Dockers, Eagles cry poor over tax - Sports News - Fanatics - the world's biggest events

Dockers, Eagles cry poor over tax

By Justin Chadwick 30/07/2010 05:04:07 PM Comments (0)

WA football has been boosted by a new 10-year, multi-million dollar sponsorship deal, but for West Coast and Fremantle it could be a case of money coming in one door and going out the other.

On Friday, Carlton and United Breweries extended its lucrative sponsorship deal with the Western Australian Football Commission in an agreement that will pour tens of millions of dollars into WA football over the next decade.

But much of the windfall for both the Eagles and Dockers is likely to be offset by the AFL's proposed attendance levy increase, which could cost both clubs about $300,000 a season.

As part of its equalisation policy developed to help poorer clubs, the AFL plans to tax West Coast, Fremantle, Collingwood, Essendon, Hawthorn and Geelong an extra $1 per fan at home games.

As it stands, all 16 clubs pay a $2 levy for every person through the turnstiles.

"It (the increase) will mean that West Coast then, instead of paying $600,000 into that fund, would pay $900,000 per annum. It's a lot of money," Eagles chief executive Trevor Nisbett said.

"And Fremantle would be doing likewise in the years ahead.

"That's one of the reasons why this deal with CUB is so fundamental with us going forward.

"If we didn't have this deal at this level we would be back in the pack with other clubs, and that's what's going to happen if we lose sponsorships."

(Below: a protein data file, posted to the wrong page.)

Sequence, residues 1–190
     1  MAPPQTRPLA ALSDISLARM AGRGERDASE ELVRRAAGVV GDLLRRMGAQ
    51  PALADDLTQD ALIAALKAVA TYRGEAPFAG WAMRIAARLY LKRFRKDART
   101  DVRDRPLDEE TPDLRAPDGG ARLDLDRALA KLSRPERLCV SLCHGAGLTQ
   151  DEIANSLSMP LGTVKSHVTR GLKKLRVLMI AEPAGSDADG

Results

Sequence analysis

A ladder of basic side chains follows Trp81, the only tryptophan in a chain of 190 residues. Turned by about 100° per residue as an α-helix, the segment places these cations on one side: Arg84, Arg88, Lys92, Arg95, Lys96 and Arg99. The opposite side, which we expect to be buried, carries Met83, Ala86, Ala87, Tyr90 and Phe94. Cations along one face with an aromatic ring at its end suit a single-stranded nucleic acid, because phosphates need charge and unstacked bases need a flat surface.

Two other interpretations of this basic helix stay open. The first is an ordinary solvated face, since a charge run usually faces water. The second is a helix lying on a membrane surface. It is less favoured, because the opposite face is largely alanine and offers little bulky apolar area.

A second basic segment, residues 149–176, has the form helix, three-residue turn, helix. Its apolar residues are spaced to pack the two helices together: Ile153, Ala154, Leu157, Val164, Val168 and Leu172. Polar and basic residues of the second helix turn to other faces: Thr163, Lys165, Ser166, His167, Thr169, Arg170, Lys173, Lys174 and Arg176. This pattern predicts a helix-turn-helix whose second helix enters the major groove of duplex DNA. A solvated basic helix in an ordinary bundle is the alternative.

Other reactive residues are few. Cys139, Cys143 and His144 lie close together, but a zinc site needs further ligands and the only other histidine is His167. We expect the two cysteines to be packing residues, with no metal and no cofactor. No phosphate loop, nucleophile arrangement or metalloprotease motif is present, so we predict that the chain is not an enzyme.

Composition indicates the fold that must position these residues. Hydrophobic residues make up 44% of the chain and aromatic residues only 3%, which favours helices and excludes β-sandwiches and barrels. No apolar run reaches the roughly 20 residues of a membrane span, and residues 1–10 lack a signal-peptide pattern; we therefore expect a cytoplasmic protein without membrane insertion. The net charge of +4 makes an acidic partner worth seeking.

Fremantle claim the levy increase would effectively wipe out much of their profit.

"We've been very open in our dialogue with the AFL about the proposed changes to the equalisation levy. That dialogue will continue and we'll be formally writing to the AFL next week," Fremantle chief executive Steve Rosich said.

Both Rosich and Nisbett said the AFL didn't fully appreciate the financial input both clubs made to WA football at WAFL, country and junior levels.

"The Victorian-based clubs probably think of the two clubs (in Perth) as powerhouses, but in reality what we do is subsidise the development and growth of the game here," Nisbett said.

"From our point of view it's probably lost on some people and that's one of the problems that we have to illustrate in the east, that we need great partnerships like CUB to fund junior football, WAFL football, country football, as well as our own clubs.

"Hopefully in the future they'll understand that even better than they do at the moment.

"They also want an equal competition both on and off the field. Hopefully they're looking at all those angles before they make another announcement on what they decide to tax."

Meanwhile, Subiaco Oval could be renamed as early as next year, with the WAFC in negotiations with a company in regards to the naming rights.

"There's a few issues we need to deal with and we're in strong dialogue with one company at the moment," WAFC chief executive Wayne Bradshaw confirmed.

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